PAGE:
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The Law of Accelerating Returns

Robert Gordon sees the absence of significant growth prior to 1750 as evidence that “the rapid progress made over the past 250 years could well turn out to be a unique episode in human history (Gordon 2012).” However, another interpretation of the same data has led people like MIT professors Erik Brynjolfsson and Andrew McAfee to predict long run-growth. They interpret technological advancement as an exponential function. Exponential growth functions are not exceptional in their early stages, but in time they yield dramatic results. Google engineer and author Ray Kurweil made the bold prediction in 2001 that the exponential nature of technological change will result in 20,000 years of progress (at the 2001 rate of technological progress doubling every decade) over the course of the 21st century.
Techno-optimists look toward evolution as a precedent for the exponential growth. The development of DNA dramatically increased the rate of evolution, and it led to the relatively rapid development of complex organs like the brain(Kurweil, 9). However, unlike exponential growth in nature technological progress on the digital frontier will not be be as susceptible to scare resources.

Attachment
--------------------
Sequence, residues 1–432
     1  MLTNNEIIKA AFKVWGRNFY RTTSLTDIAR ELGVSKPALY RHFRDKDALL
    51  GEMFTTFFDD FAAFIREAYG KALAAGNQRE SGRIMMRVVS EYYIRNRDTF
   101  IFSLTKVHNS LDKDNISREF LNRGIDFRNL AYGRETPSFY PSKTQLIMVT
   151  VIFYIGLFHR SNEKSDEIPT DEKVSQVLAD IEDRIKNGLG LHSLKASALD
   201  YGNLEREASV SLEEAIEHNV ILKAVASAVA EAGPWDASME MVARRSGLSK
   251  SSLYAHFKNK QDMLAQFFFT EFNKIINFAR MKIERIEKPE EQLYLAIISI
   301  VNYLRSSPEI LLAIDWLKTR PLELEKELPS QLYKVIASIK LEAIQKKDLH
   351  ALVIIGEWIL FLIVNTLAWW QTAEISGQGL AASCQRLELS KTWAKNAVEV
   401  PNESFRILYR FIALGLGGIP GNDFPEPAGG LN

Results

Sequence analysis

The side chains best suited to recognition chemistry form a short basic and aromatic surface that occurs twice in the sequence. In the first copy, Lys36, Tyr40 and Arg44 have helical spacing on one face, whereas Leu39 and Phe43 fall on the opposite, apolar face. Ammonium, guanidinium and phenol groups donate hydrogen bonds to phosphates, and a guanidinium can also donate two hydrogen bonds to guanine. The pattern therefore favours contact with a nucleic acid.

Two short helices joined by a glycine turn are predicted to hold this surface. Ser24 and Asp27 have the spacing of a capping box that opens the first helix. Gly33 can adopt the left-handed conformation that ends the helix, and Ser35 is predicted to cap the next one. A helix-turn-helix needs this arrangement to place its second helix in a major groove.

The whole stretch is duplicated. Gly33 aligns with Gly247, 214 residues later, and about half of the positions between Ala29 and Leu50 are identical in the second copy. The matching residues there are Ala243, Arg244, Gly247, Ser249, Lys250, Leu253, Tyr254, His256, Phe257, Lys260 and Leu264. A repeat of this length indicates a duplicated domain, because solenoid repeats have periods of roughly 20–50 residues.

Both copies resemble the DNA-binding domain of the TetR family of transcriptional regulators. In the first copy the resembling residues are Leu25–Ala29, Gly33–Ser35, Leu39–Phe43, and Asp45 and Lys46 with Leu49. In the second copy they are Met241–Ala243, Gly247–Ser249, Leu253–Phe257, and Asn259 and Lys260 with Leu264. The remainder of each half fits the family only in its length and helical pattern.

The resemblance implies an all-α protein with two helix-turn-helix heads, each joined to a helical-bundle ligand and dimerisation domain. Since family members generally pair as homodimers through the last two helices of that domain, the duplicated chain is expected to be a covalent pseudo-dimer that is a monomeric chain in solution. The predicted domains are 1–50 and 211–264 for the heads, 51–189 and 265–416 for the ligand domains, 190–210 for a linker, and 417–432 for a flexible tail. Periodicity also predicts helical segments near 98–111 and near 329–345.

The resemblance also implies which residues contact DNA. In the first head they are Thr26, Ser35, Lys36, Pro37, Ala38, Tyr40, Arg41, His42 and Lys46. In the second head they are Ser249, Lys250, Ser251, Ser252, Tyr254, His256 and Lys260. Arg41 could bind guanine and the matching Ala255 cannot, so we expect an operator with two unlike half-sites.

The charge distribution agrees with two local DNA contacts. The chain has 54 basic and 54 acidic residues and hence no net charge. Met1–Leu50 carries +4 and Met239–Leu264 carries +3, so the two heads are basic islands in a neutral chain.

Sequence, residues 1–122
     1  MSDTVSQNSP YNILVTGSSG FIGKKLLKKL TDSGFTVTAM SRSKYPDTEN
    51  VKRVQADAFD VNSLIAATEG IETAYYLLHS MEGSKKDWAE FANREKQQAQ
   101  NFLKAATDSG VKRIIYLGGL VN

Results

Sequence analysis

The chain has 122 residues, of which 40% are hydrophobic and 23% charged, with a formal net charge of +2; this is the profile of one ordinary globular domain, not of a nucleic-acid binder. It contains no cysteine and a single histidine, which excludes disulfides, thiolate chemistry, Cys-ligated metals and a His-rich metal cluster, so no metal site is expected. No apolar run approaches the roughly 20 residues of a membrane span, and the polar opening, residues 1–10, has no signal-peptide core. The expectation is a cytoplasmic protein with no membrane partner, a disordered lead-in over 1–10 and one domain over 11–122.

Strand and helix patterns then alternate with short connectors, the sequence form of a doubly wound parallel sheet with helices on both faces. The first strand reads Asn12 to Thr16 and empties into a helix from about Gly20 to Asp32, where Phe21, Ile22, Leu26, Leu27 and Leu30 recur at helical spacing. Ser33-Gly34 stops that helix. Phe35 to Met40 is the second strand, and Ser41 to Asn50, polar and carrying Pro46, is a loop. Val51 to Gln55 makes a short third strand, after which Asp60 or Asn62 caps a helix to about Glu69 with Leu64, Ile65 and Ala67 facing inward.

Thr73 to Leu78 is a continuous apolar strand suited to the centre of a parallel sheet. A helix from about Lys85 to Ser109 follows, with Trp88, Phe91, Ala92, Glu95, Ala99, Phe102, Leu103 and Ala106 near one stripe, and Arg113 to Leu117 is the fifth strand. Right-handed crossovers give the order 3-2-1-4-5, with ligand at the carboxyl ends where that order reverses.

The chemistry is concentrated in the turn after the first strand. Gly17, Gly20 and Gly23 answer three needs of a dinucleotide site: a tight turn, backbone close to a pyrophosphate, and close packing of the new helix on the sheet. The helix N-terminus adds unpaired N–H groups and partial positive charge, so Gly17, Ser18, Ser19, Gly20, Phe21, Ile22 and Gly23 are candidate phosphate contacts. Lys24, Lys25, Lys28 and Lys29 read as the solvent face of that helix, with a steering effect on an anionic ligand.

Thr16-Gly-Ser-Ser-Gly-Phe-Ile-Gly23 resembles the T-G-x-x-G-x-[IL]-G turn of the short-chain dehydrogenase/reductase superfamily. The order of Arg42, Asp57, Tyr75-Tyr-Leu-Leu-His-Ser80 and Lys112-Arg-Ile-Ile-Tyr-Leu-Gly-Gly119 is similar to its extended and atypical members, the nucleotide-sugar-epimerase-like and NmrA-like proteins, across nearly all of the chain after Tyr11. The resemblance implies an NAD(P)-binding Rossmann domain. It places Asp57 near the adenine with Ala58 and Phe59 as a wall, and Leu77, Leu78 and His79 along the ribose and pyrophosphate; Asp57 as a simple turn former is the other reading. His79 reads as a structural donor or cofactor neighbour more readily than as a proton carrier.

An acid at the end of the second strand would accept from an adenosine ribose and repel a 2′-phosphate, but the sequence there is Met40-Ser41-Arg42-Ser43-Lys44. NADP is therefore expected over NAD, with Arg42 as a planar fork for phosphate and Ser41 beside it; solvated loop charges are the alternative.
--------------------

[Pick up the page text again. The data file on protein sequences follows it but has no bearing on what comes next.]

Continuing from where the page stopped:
“When businesses are based on bits instead of atoms, then each new product adds to the set of building blocks available to the next entrepreneur instead of depleting the stock of ideas the way minerals or farmlands are depleted in the physical world (Brynjolfsson, 4).”

“It took two centuries to fill the U.S. Library of Congress in Washington, D.C. with more than 29 million books and periodicals, 2.7 million recordings, 12 million photographs, 4.8 million maps, and 57 million manuscripts. Today it takes about 15 minutes for the world to churn out an equivalent amount of new digital information. It does so about 100 times every day, for a grand total of five exabytes annually. That’s an amount equal to all the words ever spoken by humans, according to Roy Williams, who heads the Center for Advanced Computing Research at the California Institute of Technology, in Pasadena. (Moran 2008).”